Today the European Commission is presenting a revision of the EU legislation on social security coordination.
This is part of the 2016 Commission Work Programme and the Commission's efforts
- to facilitate labour mobility,
- ensure fairness for those who move and for taxpayers,
- provide better tools for cooperation between Member State authorities.
The proposal modernises the current rules to ensure that they are fair, clear and easier to enforce.
Free movement of people would not be possible without EU rules on coordination of social security. These rules guarantee that you do not lose your social security protection when moving to another Member State. They exist since 1959 and are regularly modernised to ensure that they respond to the social and economic reality in the EU.
Today's proposed update reflects the political commitment of this Commission to a fair and truly pan-European labour market. It is a balanced proposal:
- It facilitates free movement of workers and protects their rights.
- At the same time it reinforces the tools for national authorities to fight abuse or fraud.
- It makes a closer link between the place where contributions are paid and where benefits are claimed, ensuring a fair financial distribution of burden between Member States.
Commissioner for Employment, Social Affairs, Skills and Labour Mobility, Marianne Thyssen, said: "Free movement is a fundamental right of our Union cherished by its citizens. It brings benefits to workers, employers and the economy at large, helping tackling labour shortages and skills gaps. We need labour mobility to make the Single Market prosper, and help restore economic growth and competitiveness. But mobility needs to be based on clear, fair and enforceable rules. This is a fair proposal: it safeguards free movement, while strengthening the tools to address possible abuse".
The proposal updates the EU rules in the following four areas:
- Jobseekers may export their unemployment benefits from the current minimum period of 3 months to at least 6 months. This will give them a better chance to find work, and help tackle EU-wide unemployment and skill mismatches.
- For frontier workers (who live in one country, work in another country, and go home at least once a week), the Member State where they worked for the last 12 months would become responsible for paying unemployment benefits. This reflects the principle that the Member State which has received contributions should pay benefits.
- Member States may require that someone has worked for at least 3 months on its territory before a person who becomes unemployed can rely on previous experience in another Member State to claim unemployment benefits.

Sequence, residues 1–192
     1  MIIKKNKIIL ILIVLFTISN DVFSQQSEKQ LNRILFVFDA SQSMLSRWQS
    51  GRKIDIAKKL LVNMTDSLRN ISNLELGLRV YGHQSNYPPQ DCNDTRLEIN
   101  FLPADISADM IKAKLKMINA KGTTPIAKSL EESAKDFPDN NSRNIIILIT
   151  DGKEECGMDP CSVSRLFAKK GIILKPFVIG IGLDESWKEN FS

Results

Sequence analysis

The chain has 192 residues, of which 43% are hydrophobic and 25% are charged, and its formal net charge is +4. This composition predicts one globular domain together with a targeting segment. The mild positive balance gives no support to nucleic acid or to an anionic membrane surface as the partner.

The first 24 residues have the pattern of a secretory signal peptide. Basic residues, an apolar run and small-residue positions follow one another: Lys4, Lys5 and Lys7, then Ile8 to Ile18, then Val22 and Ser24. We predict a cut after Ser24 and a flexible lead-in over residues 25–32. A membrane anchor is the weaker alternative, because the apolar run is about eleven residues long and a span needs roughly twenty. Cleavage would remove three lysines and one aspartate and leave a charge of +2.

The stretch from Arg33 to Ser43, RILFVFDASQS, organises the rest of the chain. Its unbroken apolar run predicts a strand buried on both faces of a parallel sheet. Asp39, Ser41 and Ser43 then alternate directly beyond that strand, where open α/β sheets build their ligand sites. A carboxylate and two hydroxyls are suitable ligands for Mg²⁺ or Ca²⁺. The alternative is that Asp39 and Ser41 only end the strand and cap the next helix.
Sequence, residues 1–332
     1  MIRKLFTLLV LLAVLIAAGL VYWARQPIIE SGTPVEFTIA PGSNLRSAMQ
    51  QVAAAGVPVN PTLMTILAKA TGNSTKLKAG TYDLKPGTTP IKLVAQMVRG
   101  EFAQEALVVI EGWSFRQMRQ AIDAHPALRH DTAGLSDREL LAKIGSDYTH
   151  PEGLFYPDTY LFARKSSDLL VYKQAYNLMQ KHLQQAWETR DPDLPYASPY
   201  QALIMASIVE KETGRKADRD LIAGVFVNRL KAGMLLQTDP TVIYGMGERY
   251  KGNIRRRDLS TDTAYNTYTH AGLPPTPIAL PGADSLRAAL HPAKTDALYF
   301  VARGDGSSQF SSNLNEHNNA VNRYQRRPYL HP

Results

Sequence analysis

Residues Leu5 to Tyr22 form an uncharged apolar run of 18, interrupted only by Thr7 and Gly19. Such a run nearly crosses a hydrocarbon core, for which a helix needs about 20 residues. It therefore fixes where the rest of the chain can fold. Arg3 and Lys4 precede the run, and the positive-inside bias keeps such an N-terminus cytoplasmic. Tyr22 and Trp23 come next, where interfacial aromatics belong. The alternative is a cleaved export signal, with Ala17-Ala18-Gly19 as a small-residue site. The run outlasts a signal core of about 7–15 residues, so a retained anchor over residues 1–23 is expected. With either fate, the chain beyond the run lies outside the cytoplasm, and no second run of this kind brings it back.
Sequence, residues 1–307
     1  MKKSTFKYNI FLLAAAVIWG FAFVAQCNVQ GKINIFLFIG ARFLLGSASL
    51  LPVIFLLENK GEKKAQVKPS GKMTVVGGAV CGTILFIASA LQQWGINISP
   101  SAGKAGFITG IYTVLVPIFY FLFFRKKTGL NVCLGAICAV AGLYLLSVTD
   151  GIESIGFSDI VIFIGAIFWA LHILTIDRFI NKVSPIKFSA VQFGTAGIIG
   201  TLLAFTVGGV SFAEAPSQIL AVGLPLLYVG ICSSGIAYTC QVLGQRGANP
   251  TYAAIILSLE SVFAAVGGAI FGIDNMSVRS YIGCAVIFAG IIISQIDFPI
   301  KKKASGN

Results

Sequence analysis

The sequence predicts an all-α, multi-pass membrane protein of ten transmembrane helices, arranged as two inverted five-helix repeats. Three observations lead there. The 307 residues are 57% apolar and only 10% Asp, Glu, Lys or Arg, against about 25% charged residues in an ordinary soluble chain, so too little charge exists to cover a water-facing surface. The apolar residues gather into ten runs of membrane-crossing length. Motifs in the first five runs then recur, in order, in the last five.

Long-term care benefits
This proposal clarifies what long-term care benefits are and where mobile citizens can claim such benefits. This will provide more legal certainty to a growing group of citizens in our aging societies relying on long term care.
Access of economically inactive citizens to social benefits
Based on case law of the European Court of Justice, the proposal clarifies that Member States may decide not to grant social benefits to mobile citizens which are economically inactive citizens – this means those who are not working nor actively looking for a job, and do not have the legal right of residence on their territory. Economically inactive citizens have a legal right of residence only when they have means of subsistence and comprehensive health coverage.
Social security coordination for posted workers
The Commission proposes to strengthen the administrative rules on social security coordination for posted workers. It wants to make sure national authorities have the right tools to verify the social security status of such workers and sets clearer procedures for cooperation between Member State authorities to address potentially unfair practices or abuse.
Finally, the proposal does not modify the existing rules on export of child benefits. No indexation of child benefits is foreseen: the country of work of the parent(s) remains responsible for paying the child allowances, and that amount cannot be adjusted if the child resides elsewhere. Less than 1% of child benefits in the EU are exported from one Member State to another.
Overall, the proposed changes will provide
- more transparency
- legal certainty
for the benefit of mobile citizens, public authorities, employers and taxpayers. They facilitate free movement whilst giving Member States better tools to avoid abuses.